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Game Theory in Nature

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Game Theory in Nature:

Biologists observe that animals and even lower organisms often behave altruistically. Such behavior is obviously beneficial for the species as a whole. Although it is difficult to measure how an animal's altruistic behaviour affects its chances for survival and reproduction, theoretical research is starting to fill in the picture of how cooperation may survive natural selection. Some of the most illuminating ideas are coming from game theory, the field of mathematics that studies strategic behavior in competitive situations.

For decades, game theorists' basic paradigm for the puzzle of cooperation has been the scenario called the prisoner's dilemma, in which each player has a powerful incentive to exploit the other. The game is set up so that cooperation is best for the group, but each player individually does better by taking advantage of the other.

TIT FOR TAT: Things look rosier for cooperation in situations where a participant plays the prisoner's dilemma repeatedly with the same opponent and learns from previous games. After all, it can be risky to exploit someone you know you're going to encounter again.

A player using the tit-for-tat strategy cooperates in the first round and then in each subsequent round mimics the opponent's behavior in the previous round. In a population containing a mix of defectors and tit-for-tat players, the latter generally do better, provided there are enough of them. When they meet another tit-for-tat player, both cooperate and get a high payoff. When they meet a defector, they get suckered once, but only once. If repeatedly losing the game translates into low fitness, often the defectors do so poorly that they eventually die out, leaving an entirely cooperative population.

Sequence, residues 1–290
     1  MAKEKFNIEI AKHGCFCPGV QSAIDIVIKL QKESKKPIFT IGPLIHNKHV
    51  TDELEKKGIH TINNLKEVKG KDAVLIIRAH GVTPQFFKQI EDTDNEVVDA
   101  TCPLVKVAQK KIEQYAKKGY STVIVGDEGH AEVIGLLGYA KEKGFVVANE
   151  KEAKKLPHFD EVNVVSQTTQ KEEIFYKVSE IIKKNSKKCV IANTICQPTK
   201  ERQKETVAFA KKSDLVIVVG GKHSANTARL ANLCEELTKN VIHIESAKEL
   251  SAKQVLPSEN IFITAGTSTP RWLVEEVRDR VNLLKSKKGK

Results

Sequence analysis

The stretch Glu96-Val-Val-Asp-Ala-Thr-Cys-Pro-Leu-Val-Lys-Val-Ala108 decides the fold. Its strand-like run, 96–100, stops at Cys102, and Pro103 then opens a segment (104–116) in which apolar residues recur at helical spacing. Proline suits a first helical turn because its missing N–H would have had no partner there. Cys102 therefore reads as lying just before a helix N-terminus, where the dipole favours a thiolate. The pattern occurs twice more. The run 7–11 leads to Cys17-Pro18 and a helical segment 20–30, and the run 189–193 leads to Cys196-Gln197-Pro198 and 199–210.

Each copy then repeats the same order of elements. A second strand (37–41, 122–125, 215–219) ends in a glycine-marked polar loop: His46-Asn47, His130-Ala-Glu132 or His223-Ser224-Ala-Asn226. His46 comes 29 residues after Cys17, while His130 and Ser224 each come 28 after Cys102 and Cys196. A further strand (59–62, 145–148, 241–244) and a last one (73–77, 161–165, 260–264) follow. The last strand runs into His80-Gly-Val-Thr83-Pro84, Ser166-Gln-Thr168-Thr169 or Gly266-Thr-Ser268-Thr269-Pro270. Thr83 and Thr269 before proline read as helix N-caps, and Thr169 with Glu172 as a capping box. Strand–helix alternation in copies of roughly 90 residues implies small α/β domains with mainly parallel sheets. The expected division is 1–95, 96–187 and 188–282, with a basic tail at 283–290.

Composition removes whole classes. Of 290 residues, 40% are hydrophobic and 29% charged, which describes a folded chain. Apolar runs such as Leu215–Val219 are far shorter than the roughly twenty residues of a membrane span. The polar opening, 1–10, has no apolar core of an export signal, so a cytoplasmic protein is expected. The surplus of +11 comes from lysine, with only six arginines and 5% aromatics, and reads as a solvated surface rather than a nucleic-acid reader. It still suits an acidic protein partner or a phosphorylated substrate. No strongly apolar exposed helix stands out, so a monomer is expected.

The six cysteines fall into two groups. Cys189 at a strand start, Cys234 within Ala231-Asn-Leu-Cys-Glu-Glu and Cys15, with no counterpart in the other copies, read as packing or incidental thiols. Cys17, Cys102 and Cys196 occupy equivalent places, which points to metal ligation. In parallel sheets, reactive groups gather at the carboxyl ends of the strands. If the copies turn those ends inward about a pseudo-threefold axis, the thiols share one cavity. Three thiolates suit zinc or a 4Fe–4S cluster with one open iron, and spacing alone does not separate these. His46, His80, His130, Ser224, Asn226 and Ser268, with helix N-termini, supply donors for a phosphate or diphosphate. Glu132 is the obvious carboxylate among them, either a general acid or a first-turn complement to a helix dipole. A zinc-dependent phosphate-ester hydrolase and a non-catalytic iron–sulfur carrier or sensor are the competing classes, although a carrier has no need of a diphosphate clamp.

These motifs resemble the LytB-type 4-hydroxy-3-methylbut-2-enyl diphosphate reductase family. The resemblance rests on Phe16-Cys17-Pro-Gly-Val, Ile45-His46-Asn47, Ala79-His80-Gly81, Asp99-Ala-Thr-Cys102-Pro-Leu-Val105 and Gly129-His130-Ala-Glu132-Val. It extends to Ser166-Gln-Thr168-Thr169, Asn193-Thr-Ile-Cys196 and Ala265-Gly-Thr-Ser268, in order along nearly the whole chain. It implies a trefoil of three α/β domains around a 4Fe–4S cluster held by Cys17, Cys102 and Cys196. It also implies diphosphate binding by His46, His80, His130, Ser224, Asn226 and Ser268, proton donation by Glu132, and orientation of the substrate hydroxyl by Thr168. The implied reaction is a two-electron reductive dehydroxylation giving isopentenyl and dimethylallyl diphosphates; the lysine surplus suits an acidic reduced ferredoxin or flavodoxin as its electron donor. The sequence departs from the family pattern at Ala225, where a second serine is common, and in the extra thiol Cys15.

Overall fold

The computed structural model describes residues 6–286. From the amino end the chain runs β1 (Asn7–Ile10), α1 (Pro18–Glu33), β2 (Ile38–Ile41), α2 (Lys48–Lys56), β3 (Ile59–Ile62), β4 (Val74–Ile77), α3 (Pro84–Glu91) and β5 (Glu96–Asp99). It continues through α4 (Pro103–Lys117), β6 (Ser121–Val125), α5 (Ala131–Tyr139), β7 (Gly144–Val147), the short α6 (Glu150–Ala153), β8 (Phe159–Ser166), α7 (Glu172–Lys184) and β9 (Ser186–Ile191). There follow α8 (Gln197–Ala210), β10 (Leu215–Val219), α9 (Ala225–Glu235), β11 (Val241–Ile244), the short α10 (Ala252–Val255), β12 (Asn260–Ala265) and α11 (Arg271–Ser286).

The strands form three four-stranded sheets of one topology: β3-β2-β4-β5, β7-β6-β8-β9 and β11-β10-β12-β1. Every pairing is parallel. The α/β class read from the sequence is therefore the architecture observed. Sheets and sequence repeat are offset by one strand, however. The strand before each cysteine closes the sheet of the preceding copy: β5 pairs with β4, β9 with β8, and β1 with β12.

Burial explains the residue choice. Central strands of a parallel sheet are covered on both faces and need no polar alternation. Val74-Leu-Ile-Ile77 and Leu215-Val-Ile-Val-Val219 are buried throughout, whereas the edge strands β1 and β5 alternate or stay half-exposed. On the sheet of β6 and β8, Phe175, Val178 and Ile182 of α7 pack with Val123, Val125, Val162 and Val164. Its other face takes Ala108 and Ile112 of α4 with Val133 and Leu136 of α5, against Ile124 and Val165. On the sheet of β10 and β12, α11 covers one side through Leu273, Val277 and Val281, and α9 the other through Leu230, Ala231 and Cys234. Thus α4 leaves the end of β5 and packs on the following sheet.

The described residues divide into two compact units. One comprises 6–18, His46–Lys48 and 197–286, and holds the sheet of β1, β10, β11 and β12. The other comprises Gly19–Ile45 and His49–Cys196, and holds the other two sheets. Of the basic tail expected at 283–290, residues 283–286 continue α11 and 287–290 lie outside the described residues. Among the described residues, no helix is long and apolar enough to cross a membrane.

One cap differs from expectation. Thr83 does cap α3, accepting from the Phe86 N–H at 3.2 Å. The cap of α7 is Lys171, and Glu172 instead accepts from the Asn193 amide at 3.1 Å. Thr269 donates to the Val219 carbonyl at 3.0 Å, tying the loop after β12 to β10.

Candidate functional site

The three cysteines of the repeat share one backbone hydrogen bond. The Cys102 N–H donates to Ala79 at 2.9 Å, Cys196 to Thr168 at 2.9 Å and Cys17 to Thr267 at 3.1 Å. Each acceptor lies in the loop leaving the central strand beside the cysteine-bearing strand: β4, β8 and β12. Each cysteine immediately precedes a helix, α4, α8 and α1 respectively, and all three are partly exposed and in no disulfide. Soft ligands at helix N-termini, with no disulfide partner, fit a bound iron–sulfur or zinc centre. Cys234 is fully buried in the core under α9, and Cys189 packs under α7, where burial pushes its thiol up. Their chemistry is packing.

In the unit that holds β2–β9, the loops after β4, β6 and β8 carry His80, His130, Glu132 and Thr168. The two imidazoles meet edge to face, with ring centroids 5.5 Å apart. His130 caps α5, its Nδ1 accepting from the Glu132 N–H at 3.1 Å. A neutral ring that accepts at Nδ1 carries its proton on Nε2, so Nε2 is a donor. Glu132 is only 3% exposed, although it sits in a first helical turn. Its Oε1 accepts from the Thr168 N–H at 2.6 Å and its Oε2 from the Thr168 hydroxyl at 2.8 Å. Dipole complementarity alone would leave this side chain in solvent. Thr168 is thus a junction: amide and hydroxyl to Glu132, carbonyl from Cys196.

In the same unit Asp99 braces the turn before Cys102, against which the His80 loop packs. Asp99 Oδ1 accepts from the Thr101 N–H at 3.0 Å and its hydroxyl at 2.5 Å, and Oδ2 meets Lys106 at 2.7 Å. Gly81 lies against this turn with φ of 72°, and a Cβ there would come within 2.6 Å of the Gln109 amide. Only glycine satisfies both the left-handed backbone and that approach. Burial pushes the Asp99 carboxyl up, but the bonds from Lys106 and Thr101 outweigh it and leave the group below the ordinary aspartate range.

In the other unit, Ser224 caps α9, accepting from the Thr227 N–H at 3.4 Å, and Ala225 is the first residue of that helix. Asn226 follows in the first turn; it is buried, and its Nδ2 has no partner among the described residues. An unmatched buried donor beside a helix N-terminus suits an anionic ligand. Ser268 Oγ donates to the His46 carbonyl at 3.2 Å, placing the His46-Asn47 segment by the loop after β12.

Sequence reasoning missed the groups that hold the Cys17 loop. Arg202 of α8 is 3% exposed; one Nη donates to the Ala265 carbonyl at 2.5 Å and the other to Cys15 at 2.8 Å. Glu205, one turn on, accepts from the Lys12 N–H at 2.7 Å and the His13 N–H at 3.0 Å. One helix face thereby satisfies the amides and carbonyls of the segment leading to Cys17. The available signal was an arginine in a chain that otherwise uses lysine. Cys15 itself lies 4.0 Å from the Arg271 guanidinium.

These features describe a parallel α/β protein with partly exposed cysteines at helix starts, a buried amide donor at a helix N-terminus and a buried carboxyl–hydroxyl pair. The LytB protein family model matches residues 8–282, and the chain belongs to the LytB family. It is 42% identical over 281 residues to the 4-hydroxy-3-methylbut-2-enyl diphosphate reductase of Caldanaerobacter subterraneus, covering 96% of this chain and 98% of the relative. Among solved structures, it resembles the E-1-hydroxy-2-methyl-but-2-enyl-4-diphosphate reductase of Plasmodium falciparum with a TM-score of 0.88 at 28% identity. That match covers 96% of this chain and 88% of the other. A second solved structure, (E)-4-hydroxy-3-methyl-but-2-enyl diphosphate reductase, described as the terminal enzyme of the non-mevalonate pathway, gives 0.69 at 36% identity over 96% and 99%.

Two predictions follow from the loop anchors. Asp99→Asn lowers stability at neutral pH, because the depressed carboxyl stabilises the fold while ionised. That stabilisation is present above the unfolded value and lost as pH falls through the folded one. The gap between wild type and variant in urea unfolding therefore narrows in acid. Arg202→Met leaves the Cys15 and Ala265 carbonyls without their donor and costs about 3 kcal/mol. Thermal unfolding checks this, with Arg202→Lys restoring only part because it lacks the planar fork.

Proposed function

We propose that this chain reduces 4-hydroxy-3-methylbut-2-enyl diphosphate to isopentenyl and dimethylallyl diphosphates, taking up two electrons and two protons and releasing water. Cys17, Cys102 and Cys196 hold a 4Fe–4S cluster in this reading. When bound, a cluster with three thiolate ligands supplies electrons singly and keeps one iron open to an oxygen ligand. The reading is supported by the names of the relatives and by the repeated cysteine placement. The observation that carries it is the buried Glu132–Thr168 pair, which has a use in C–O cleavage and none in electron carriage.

Ultimately, a better understanding of the interplay between cooperation and exploitation could help explain the emergence not just of cooperation but also of life itself. After all, life owes its origins to primeval acts of inanimate cooperation, in which RNA, proteins, and other molecules banded together to form cells.

"Whenever nature achieves a major step, it involves cooperation," Martin Nowak of Harvard University.

In business, things are more Tit for Tat and less prisoner's dilemma, because a player often interacts with the same opponent more than once. It is in the



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